Russia has beaten China to develop Ugandan uranium deposits into electricity generation.
Ugandan President Yoweri Museveni’s administration has previously said it is eager to use its uranium deposits to boost energy production.
In May 2018 Uganda signed a preliminary agreement with the state-run China National Nuclear Corporation (CNNC) to help develop a nuclear energy programme.
Discussions with the Chinese slowed because they “seemed to be hurrying everything”, according to an unnamed Ugandan government source. This purportedly included lobbying at the highest political level, although the development of a nuclear sector would take many years.
Uganda’s energy ministry said the Russian deal was signed in Vienna this week at the International Atomic Energy Agency’s general conference between Kampala’s energy minister, Irene Muloni, and Nikolai Spasskiy, the deputy director general of Rosatom, the Russian state-run nuclear corporation.
Rosatom is currently in discussion with Kenya, Tanzania, Sudan, Egypt, Morocco, Nigeria and Tunisia to develop nuclear energy programmes.
Uganda said Rosatom would help develop a nuclear infrastructure and the production of radioisotopes for industry, health care and agriculture.
“Spasskiy expressed the commitment and readiness of Rosatom to support Uganda’s plans to develop the peaceful use of nuclear energy, especially in nuclear power plant development,” the ministry said.
The agreement “lays the foundation for specific cooperation between Russia and Uganda” in nuclear energy, Rosatom said.
The increasingly globetrotting organisation said it would work with Uganda in “the creation of nuclear energy infrastructure, the production of radioisotopes for industry, medicine, agriculture, as well as the training of personnel”.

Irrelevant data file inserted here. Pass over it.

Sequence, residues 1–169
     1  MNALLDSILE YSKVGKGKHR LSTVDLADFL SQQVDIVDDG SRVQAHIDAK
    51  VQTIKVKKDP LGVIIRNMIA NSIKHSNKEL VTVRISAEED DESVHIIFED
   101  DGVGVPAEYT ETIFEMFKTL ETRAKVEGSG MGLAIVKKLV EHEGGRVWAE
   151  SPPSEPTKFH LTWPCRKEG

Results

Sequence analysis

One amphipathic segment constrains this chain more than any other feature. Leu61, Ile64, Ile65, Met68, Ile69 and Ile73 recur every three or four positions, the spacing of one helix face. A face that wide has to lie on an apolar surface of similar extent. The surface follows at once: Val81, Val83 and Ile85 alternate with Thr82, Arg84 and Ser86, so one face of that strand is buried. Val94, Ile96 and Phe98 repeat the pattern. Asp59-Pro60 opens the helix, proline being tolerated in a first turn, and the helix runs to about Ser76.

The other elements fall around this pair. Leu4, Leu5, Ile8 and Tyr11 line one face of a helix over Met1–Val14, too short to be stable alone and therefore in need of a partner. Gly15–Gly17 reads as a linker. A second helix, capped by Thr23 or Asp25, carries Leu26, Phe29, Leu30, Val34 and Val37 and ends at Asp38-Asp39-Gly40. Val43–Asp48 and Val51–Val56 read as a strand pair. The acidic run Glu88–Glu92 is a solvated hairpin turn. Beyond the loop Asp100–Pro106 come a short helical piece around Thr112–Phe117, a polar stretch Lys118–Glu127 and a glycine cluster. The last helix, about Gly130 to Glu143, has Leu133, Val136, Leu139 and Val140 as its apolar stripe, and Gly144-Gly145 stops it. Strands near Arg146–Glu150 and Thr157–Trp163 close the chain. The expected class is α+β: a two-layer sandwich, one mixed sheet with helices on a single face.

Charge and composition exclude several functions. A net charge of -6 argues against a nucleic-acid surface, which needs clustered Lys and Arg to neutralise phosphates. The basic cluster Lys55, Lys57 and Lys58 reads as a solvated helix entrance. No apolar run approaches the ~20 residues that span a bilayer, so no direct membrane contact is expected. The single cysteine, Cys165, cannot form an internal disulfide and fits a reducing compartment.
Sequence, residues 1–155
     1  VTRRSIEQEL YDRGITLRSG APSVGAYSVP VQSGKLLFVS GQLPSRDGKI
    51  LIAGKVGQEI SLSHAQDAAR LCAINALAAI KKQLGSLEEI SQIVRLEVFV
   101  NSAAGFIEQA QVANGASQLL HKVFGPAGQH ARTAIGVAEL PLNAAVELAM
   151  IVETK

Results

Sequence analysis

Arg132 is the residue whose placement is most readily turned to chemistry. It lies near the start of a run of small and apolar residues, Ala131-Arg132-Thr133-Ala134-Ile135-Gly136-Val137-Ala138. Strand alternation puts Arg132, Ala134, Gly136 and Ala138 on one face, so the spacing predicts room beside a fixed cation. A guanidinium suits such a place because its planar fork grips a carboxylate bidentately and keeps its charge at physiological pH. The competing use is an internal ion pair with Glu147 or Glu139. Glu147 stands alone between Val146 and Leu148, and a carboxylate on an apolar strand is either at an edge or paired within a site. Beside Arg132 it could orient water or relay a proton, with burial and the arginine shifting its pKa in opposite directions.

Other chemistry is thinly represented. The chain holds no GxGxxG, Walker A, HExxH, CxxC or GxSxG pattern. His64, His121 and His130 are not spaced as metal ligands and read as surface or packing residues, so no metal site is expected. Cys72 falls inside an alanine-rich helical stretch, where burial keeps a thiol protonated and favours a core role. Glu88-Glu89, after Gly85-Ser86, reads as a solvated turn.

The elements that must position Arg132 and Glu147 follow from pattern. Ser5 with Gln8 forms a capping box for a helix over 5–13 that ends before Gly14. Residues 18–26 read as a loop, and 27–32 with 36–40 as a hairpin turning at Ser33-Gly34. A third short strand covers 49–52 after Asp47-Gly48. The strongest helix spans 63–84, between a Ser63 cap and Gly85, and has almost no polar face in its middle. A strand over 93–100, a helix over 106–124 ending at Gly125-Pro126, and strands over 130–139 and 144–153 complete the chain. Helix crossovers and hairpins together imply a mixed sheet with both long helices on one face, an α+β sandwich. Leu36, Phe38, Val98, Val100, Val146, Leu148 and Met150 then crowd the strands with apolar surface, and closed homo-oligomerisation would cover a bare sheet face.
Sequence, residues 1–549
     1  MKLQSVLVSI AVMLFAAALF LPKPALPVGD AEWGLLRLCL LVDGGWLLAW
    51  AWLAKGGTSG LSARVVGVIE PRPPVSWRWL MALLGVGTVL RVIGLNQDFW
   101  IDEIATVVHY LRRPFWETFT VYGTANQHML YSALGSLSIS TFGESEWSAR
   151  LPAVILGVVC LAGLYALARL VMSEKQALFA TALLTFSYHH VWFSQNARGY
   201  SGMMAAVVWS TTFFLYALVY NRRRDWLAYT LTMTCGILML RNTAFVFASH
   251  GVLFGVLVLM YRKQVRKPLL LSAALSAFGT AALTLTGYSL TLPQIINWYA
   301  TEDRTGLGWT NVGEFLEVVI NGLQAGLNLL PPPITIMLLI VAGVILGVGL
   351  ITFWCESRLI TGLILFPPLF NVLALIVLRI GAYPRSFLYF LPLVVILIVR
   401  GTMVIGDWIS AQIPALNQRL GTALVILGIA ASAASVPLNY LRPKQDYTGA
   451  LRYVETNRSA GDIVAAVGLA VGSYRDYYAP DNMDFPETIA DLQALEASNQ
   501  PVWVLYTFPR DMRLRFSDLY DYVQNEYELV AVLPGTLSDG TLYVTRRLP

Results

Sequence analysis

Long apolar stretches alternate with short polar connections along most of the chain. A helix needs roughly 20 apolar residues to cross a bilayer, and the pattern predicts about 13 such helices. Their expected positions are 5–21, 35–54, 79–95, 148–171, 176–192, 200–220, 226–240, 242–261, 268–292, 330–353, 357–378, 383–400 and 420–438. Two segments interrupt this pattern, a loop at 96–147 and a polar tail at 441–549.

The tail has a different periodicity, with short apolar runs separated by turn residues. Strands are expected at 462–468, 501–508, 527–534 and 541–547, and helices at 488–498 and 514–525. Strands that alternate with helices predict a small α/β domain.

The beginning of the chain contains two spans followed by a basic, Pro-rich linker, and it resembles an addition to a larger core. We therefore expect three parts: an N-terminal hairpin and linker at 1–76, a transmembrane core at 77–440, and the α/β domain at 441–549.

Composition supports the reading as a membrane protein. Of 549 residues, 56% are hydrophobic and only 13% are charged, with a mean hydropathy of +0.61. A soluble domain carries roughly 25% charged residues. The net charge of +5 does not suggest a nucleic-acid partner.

Rosatom said specialists would visit Uganda in the “near future”.
Moscow first signed an initial nuclear agreement with Kampala in 2017 before China’s memorandum of understanding was signed in 2018.
Uganda also expects to start producing crude oil by 2022 from fields in its west where estimated reserves of 6 billion barrels were discovered in 2006.
Uganda has substantial deposits of uranium but reserve estimates have not been made because no commercial exploration has taken place.
Museveni has advocated the development of nuclear energy by 2035, saying the country’s power generation per capita is far below the threshold required for industrialisation to reach the middle-income status.
Uganda’s second National Development Plan and Vision 2040 detailed plans to use uranium for nuclear power stations by 2050. Uganda has a generation capacity of about 850 megawatts, mainly from hydropower, with nuclear forecast to contribute around 1 gigawatt.
By 2040, Uganda said it wanted to have achieved electricity generation of more than 41GW.
Uganda. Picture credit: Wikimedia